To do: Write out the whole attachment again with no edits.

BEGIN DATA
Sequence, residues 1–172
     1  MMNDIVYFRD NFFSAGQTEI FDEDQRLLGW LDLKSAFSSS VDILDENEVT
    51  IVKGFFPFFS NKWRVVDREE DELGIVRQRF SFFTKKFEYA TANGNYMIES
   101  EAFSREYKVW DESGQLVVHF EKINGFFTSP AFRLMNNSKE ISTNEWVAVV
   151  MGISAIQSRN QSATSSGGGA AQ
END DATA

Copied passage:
Sequence, residues 1–172
     1  MMNDIVYFRD NFFSAGQTEI FDEDQRLLGW LDLKSAFSSS VDILDENEVT
    51  IVKGFFPFFS NKWRVVDREE DELGIVRQRF SFFTKKFEYA TANGNYMIES
   101  EAFSREYKVW DESGQLVVHF EKINGFFTSP AFRLMNNSKE ISTNEWVAVV
   151  MGISAIQSRN QSATSSGGGA AQ